Mick: Annie, tell me where you and Henry first met. Don’t tell me it was Borderland? (Borderland was a famous local dance hall, one of the many ‘ Ballrooms of Romance’ in post-war Ireland).

Annie: Yes, but there was but no harm in that. I was from a townland close by. It was the obvious place to meet for many local people and those from Derry. In time we had eight children.

They did not have the same difficulties as we experienced. They are all doing well. Michael and Kevin have their own houses on the farm. The others have built their own homes nearer the road.

Greencastle Shore Path - Ten thousand years in half an hourMick: Yes, I noticed a cluster of houses when we were up at the old house. It was like a modern day Clachan. (A clachan is a collection of houses belonging to close relatives that is a feature of many places in Inishowen.) Henry, I know you have had recent troubles with your health. Tell me about that.

Henry: I had a serious heart attack while attending a funeral in Burt chapel. It would have been the death of me but luckily four Red Cross people were at the same funeral.

They gave me CPR until the ambulance arrived. I would not have survived without their help. More recently I was diagnosed with prostate cancer but it was in the early stages and I have done very well since my treatment. I would advise anybody to get treatment as early as possible.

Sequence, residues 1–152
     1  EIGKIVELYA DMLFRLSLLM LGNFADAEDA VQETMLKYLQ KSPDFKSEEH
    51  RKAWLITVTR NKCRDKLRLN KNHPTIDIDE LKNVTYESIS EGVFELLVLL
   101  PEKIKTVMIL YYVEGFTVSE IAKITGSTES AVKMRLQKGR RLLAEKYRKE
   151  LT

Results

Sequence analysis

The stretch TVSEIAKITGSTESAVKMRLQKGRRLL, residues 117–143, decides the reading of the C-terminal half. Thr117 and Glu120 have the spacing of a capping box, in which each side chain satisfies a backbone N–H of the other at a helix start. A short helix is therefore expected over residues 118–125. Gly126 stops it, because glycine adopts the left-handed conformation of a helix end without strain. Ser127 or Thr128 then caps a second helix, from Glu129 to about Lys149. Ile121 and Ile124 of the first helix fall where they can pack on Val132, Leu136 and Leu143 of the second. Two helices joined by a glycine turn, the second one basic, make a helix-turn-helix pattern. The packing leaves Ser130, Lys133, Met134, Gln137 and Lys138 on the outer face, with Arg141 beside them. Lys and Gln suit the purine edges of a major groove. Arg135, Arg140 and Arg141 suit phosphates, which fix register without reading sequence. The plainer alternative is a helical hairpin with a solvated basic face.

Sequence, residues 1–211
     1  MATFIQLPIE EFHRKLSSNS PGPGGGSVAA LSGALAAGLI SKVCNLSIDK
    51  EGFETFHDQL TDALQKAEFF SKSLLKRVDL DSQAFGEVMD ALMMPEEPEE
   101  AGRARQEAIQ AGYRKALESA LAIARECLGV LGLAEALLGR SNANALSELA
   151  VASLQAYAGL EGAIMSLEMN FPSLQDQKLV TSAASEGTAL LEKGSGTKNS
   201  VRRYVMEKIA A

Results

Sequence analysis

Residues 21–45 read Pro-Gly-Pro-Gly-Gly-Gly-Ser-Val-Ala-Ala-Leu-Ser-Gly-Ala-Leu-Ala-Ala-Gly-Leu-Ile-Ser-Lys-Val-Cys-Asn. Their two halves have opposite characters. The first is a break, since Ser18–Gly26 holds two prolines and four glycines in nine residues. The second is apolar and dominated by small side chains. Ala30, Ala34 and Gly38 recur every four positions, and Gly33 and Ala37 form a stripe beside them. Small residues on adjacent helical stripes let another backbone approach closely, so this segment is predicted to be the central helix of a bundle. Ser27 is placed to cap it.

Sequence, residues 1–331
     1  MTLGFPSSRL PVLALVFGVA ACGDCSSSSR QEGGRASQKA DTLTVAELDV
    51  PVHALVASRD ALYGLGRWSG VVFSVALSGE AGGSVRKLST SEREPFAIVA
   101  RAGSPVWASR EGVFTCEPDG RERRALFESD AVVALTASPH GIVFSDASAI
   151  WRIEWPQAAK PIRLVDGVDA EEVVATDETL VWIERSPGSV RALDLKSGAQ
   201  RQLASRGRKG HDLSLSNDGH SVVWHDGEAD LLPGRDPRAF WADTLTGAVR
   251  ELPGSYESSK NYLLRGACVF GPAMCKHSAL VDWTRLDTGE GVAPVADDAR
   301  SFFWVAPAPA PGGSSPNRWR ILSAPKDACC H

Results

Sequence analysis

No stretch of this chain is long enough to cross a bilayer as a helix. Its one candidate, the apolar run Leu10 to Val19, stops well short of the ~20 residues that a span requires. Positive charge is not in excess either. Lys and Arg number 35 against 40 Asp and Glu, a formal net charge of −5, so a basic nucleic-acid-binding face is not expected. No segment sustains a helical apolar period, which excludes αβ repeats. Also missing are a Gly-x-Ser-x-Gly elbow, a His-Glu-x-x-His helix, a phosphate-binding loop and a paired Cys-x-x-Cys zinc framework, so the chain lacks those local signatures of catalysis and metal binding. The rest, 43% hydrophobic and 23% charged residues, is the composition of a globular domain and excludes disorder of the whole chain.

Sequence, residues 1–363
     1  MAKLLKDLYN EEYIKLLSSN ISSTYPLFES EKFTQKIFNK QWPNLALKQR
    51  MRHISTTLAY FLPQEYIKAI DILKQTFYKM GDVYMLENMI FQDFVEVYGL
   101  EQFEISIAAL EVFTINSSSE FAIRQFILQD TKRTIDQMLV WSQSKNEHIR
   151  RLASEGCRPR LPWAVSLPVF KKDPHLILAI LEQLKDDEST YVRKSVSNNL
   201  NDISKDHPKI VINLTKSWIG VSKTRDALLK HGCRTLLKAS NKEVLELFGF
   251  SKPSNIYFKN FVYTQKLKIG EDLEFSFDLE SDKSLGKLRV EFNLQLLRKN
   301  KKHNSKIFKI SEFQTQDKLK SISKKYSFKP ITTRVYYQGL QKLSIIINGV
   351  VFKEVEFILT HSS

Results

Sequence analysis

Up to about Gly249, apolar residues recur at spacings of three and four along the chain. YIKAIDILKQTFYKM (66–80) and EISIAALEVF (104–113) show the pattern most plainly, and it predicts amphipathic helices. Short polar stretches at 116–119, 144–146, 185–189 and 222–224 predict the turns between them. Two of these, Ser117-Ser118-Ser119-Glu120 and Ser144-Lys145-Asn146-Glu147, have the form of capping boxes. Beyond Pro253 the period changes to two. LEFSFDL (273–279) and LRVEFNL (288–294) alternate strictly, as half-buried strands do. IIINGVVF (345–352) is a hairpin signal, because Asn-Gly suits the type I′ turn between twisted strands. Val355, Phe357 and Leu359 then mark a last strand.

Mick: We are both in our mid-70s. Like everyone else we are individuals but we have lived our lives in the times allotted to us. We have been shaped by those circumstances. You obviously had a very difficult start in life but you seem to have survived very well. You have been a family man, a farmer, a builder, helped with modern day communications and supported many charities. There have been many changes in your lifetime.

Henry: Yes, my family my mother, my brother and Micky’s wife would receive much better medical treatment today. I would not be talking to you this evening without the advances in medical care. My father and uncle Micky were forced into emigration and your grandparents left Ireland and never came back.

Today Ireland is as much a place of immigration as emigration. I only saw my mother very rarely after she moved hospital but Carndonagh and Killybegs seemed much further away because almost nobody had a car.

The masts at the top of the hill help with different kinds of communication from which we all benefit. Housing is much improved allowing us to lead far more comfortable and healthier lives. Agriculture has changed.

The horse has gone and the pig is no longer brought in front of the fire to have its piglets. There has been a price for that as there has been a big loss of wildlife. We no longer hear the Corncrake. We had little choice if we wanted to survive.

Mick: Thanks Henry and Annie for your time. Great talking to you. I hope we meet before the Concern walk next year.